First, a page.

I need help with the following.
The problem is stated like so: "The value of the constant $a$ is such that the quadratic function $f(x) \equiv x^2 +4x + a +3$ is never negative. Determine the nature of the roots of the equation $af(x) = (x^2+2)(a-1)$. Deduce the value of $a$ for which this equation has equal roots".
First statement implies that $b^2-4ac<0$, i.e. $a>1$
Now this part is strange. This is what you get (I hope) when you rewrite that second function (not sure why they call it $f(x)$ as well) :$f(x) = (a-1)x^2 + (2a-2)$. $b^2-4ac = -4(a-1)(2a-2)$, now since $a>1$ (not sure I can say this, because the functions are different; but since they denote this constant value as $a$ in both of these, I did consider it to be the same), the roots are complex because that result is negative.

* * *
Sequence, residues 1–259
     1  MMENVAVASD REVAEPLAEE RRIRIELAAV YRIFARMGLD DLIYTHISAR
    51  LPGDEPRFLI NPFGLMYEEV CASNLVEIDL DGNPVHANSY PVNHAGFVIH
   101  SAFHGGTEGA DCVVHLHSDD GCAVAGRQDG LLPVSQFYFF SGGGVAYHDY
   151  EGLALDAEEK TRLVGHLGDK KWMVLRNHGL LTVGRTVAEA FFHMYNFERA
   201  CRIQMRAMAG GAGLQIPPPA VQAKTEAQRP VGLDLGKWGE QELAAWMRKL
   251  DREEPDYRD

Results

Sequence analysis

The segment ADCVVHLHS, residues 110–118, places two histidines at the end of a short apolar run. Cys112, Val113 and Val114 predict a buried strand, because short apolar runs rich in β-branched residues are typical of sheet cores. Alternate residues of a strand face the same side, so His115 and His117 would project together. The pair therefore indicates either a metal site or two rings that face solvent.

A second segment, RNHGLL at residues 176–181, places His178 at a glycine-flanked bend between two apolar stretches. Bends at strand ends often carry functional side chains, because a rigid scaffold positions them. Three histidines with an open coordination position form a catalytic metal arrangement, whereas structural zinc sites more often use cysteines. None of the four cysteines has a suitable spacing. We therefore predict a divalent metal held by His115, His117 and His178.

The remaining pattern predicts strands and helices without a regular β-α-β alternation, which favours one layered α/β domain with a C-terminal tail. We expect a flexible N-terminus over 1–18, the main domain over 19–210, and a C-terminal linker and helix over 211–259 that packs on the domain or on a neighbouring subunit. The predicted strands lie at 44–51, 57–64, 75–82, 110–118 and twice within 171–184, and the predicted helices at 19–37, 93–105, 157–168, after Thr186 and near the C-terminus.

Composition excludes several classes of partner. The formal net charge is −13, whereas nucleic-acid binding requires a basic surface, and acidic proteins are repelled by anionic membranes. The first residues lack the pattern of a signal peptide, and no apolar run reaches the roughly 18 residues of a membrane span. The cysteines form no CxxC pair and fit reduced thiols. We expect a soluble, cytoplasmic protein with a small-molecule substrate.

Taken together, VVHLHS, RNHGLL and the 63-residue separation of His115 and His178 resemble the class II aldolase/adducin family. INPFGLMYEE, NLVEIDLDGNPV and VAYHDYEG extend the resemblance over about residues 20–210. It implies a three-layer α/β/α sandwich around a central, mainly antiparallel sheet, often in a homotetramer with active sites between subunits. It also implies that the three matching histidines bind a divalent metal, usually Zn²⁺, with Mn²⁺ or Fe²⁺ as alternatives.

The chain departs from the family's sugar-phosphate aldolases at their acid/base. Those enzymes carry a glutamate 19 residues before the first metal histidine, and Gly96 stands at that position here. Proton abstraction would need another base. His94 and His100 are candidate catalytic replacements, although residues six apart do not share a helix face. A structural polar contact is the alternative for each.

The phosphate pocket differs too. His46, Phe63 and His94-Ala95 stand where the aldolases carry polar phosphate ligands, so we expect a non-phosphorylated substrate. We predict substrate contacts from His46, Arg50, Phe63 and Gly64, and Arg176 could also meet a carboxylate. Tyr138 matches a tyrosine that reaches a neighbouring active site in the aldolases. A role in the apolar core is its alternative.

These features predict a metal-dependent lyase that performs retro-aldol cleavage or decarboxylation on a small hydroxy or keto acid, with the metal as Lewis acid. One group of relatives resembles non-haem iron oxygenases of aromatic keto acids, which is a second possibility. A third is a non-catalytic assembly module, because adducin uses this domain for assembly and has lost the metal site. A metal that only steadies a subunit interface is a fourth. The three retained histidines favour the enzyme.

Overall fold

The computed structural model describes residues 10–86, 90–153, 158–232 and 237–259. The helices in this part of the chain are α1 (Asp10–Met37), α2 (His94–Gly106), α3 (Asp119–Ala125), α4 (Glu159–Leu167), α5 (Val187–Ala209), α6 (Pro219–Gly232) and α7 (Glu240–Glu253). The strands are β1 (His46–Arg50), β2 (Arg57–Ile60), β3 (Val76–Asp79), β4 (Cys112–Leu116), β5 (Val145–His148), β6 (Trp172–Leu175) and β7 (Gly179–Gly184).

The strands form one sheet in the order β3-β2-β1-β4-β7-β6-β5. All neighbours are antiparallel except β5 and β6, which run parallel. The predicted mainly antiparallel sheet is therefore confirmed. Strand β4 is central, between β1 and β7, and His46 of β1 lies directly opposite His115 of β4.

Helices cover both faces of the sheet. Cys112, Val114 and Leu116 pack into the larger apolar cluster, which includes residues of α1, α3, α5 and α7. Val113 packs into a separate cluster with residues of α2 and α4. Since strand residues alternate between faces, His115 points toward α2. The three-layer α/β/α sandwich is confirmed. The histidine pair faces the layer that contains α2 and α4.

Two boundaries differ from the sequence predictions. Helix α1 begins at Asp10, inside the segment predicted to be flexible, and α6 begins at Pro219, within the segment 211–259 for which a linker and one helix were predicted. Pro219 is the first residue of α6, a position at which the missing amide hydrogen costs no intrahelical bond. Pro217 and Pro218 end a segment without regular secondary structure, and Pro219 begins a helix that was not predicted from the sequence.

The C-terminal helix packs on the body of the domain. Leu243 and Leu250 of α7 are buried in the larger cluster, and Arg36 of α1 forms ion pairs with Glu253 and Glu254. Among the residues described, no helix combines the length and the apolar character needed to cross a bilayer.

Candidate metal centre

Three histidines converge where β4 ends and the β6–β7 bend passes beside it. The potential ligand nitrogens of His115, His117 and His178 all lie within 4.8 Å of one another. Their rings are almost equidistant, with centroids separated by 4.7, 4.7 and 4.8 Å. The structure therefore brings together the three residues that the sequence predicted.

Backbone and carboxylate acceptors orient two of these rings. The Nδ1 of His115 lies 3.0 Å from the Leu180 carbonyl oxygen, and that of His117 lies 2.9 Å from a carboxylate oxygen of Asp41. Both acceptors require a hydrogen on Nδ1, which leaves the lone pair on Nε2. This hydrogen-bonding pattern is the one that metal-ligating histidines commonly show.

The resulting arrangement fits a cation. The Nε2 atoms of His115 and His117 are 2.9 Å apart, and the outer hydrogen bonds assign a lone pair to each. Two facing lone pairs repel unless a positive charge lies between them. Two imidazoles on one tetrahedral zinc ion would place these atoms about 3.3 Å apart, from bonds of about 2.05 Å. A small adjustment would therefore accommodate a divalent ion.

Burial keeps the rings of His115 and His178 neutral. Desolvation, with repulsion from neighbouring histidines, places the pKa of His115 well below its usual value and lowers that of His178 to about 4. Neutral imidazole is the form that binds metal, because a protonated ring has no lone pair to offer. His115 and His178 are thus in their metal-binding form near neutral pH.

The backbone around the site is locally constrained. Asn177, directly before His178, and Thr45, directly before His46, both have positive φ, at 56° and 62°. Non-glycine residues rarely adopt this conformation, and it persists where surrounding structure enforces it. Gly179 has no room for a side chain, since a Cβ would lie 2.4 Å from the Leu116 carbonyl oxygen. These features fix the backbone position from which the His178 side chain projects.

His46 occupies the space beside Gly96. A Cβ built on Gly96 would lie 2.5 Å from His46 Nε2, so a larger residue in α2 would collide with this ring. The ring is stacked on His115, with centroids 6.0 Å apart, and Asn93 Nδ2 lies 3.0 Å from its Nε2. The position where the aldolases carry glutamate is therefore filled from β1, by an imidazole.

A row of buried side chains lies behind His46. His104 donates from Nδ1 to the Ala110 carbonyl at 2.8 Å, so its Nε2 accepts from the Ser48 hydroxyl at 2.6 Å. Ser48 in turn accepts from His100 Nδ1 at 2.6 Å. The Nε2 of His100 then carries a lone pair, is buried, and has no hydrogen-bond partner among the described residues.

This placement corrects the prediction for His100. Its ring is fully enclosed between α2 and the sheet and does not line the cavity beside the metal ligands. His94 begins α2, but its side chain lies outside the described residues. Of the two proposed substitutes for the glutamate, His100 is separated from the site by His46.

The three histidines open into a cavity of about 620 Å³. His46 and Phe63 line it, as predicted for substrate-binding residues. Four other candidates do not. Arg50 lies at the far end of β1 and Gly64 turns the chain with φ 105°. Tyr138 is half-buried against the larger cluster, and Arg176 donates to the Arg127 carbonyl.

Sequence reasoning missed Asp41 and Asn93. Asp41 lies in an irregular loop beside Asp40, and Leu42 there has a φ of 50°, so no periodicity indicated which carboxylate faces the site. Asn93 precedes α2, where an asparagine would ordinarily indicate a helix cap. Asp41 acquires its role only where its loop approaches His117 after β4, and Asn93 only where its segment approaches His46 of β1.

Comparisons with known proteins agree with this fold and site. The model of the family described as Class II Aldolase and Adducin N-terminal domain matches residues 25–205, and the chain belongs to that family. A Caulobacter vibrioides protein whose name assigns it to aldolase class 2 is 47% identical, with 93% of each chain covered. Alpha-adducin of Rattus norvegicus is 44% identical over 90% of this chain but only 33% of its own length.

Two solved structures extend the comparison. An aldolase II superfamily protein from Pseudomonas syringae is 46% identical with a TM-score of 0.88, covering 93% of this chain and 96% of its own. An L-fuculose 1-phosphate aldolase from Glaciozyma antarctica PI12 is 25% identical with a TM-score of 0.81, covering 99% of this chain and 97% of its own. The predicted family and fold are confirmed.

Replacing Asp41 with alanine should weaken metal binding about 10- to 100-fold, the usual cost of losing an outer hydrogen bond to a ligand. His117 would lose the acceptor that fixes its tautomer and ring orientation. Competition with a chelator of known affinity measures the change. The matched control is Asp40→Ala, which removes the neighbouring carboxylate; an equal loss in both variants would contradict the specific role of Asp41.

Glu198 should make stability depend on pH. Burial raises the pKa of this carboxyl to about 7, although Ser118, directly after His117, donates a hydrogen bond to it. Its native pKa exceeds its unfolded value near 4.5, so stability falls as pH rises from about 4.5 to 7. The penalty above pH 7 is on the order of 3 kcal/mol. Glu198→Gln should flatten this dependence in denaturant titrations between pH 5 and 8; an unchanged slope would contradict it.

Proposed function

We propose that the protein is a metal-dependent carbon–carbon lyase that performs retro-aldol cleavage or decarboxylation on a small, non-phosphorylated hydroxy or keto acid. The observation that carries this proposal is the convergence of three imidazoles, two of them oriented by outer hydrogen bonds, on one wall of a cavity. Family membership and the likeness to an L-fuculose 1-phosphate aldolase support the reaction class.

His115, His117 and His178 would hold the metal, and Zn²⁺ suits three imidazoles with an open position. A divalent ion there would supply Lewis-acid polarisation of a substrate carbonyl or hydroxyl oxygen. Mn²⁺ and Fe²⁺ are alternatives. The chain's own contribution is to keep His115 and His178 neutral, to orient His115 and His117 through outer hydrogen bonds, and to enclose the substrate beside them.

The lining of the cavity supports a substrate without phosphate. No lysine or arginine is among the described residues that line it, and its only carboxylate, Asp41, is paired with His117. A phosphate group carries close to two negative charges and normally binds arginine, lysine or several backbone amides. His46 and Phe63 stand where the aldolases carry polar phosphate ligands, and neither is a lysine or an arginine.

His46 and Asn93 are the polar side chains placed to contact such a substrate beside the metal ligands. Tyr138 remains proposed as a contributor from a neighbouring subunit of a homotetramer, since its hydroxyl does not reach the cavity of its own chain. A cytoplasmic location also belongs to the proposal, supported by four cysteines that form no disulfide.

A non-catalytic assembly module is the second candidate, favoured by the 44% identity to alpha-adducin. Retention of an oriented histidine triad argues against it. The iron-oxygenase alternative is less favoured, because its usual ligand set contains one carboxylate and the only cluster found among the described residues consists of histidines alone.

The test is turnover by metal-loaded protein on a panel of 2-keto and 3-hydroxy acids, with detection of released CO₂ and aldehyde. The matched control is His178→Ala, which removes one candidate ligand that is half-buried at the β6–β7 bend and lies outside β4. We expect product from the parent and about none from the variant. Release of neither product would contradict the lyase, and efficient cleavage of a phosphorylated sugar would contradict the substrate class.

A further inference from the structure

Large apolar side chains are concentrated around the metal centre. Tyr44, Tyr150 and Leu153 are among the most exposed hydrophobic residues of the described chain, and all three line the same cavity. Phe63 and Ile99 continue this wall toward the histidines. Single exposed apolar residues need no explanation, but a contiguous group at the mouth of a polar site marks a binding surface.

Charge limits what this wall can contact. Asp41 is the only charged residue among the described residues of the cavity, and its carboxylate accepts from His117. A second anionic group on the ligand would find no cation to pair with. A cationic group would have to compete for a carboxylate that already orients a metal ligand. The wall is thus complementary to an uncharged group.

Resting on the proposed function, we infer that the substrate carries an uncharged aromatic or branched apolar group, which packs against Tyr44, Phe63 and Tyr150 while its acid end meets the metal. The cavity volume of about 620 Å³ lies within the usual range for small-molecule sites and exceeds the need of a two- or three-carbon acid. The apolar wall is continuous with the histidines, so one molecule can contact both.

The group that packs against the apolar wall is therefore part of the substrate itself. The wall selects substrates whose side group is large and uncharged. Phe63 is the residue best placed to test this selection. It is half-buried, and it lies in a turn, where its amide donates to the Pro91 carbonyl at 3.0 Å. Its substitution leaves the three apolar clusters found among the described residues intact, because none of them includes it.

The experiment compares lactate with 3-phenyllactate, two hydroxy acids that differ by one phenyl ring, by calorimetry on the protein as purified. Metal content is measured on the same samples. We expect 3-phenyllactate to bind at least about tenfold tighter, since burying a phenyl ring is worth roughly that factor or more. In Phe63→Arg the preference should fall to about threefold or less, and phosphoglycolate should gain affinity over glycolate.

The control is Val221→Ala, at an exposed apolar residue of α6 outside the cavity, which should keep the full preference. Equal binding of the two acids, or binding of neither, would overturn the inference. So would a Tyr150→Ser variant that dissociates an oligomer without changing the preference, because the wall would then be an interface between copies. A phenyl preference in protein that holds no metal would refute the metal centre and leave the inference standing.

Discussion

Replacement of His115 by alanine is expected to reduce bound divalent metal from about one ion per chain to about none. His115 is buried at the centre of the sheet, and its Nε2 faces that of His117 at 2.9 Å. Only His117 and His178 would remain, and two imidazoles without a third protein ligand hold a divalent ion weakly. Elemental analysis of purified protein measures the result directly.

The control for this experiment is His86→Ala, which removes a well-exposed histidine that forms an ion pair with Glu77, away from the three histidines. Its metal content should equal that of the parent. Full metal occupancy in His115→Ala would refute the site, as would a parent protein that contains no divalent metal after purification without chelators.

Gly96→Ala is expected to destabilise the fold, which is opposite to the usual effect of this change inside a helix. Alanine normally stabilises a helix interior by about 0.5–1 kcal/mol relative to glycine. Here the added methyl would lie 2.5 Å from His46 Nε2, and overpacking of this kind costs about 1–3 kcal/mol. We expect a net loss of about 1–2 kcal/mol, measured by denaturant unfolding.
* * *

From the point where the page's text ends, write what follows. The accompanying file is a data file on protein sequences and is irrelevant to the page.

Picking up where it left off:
It is actually not necessary to rewrite it like so, it is clear that roots are $x^2 = -2$, i.e. they are complex. However the answer is that the roots are real... I don't understand how this is possible.
I found that roots are equal when $a=1$, which is correct, according to the book.